Friday, 21 August 2015

The Edinburgh Fringe 2015

Hi all! On Sunday, and then again yesterday, I undertook a Summer ritual which has been a part of every August since I was a child, the Edinburgh Fringe. The Edinburgh Fringe, sometimes called the Edinburgh Festival is the worlds biggest arts festival, bringing hundreds of thousands of people from all over the world to Edinburgh every August for 3 and a half weeks of comedy, music, performance, art, song, dance, food and entertainment. 

With quite literally thousands of things to see and do, and a lot of them either free, or much cheaper than usual, it's always a good way see performance in intimate settings or previewing new material. This year, my choices seemed to specialise in female comedians - I saw Katherine Ryan, Laura Lexx and Mae Martin all doing stand-up. I'm sure you all know who Katherine Ryan is, but if you don't know Laura or Mae, you absolutely need to check them out. Before you go any further with this blog post, click their names for a little cross section of their comedy. Thank you, now we can continue!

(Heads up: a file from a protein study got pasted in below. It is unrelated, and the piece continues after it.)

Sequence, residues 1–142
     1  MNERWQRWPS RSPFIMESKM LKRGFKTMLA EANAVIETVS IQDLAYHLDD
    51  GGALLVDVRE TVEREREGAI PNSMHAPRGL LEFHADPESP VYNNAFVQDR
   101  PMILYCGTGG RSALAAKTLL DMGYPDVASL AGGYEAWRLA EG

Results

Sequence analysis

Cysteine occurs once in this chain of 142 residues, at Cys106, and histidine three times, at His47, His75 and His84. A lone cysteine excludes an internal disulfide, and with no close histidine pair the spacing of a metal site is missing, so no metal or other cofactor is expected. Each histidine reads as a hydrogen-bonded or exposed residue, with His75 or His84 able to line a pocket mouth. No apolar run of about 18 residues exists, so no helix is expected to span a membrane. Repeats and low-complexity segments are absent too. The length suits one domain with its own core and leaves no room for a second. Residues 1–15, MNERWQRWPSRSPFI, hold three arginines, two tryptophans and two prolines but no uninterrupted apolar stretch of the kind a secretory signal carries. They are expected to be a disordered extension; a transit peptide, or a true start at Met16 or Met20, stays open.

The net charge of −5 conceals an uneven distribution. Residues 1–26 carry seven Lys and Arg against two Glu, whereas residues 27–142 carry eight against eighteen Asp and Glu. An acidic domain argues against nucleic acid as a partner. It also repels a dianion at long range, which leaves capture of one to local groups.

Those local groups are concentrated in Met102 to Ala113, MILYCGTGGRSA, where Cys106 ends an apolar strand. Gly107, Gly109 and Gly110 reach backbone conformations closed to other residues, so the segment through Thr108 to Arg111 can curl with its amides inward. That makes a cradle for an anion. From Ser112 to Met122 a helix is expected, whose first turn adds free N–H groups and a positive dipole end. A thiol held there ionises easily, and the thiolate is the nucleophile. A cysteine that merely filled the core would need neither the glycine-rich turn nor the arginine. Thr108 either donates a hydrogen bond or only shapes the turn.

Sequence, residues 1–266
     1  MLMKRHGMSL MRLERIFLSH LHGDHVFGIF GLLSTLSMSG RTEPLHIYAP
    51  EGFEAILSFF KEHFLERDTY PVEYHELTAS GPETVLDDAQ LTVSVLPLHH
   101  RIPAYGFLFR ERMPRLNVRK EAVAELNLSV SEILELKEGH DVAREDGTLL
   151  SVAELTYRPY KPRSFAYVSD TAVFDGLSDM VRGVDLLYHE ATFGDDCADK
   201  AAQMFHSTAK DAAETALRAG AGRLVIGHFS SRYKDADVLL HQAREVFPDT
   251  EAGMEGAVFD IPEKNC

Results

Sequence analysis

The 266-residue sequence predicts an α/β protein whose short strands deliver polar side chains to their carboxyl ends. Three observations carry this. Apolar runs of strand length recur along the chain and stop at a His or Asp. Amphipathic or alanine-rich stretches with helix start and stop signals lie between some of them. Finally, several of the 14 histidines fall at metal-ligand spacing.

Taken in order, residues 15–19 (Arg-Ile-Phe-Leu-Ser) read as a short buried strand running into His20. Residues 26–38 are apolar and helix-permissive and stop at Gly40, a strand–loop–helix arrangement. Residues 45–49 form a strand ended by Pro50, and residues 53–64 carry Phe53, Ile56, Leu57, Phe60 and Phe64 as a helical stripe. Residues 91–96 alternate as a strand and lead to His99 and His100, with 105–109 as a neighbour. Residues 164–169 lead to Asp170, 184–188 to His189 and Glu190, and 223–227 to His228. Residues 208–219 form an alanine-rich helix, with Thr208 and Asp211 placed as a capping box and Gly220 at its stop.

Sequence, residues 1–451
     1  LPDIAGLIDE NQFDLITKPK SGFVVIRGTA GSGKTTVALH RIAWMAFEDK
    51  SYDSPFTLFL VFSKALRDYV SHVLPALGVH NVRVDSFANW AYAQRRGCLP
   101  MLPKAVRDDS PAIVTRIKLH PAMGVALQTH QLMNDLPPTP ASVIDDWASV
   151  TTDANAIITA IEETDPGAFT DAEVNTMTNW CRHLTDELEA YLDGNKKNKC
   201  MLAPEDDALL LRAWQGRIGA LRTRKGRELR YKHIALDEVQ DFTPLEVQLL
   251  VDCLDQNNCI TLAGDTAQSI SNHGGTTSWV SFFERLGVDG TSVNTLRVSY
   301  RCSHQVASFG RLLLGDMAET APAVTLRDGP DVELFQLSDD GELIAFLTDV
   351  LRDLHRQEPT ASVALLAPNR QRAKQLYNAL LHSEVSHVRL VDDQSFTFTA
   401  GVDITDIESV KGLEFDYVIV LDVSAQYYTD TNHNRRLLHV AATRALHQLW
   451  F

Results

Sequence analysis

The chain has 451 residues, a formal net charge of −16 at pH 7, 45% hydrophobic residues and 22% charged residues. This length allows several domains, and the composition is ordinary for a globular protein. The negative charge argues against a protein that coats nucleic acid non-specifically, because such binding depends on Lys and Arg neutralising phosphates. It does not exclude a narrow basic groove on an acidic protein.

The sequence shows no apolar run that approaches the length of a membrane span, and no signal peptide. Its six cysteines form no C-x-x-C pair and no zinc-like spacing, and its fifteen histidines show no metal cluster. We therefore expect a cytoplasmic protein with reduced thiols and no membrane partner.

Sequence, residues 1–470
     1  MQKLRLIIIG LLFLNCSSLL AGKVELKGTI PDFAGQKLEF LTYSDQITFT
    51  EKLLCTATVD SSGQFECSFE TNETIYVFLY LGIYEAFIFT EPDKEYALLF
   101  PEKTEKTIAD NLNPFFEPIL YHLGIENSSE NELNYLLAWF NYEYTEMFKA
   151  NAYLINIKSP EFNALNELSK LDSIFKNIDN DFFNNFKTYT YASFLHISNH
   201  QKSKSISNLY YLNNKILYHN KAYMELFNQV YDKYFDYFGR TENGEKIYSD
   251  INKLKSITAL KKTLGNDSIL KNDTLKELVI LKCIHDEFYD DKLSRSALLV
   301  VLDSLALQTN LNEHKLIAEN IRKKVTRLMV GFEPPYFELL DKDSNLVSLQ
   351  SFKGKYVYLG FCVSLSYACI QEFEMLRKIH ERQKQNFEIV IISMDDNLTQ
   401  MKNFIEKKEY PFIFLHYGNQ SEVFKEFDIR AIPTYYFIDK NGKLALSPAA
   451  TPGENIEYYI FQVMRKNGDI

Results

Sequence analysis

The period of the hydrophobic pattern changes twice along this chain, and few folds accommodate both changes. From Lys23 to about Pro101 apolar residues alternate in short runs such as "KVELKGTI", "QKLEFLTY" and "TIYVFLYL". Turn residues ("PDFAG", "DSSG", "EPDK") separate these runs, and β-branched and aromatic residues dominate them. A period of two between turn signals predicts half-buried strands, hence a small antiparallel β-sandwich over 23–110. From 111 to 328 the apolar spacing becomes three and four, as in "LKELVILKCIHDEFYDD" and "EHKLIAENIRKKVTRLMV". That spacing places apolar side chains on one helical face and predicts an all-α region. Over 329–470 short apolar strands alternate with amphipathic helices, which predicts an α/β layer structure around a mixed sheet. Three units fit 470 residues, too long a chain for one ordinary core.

While I adore comedy, I hadn't actually seen any live stand-up until about 5 years ago. I believe that stand-up comedy is a highly underrated art form though, can you imagine how difficult it must be to stand up front of a group of people with only you to make them laugh and nobody to bounce off of? I find it incredible to watch, even more so in person.

As well as seeing these amazing shows discussing important topical social issues like the much-disputed gender spectrum, #BlackLivesMatter and the internal battle of wanting to be a 'good feminist' and the desire to be a housewife, the buzz of Edinburgh during the Fringe is like nothing else. Every street you go down has something happening, the streets are full of performers, art & craft markets, street food and just generally, Summery positive vibes. 

As so much to do and see is completely free, I do recommend planning your time well and getting to venues/shows early and please oh please, if you enjoyed a free show, give a little to the performers. Do you know just how many performers actually loose money by coming to the festival? The money for travel and accommodation doesn't come from people taking advantage of free shows, and as Mae Martin said, people are paying upwards of £10 to see Ted 2 at the cinema right now. Think about it like that!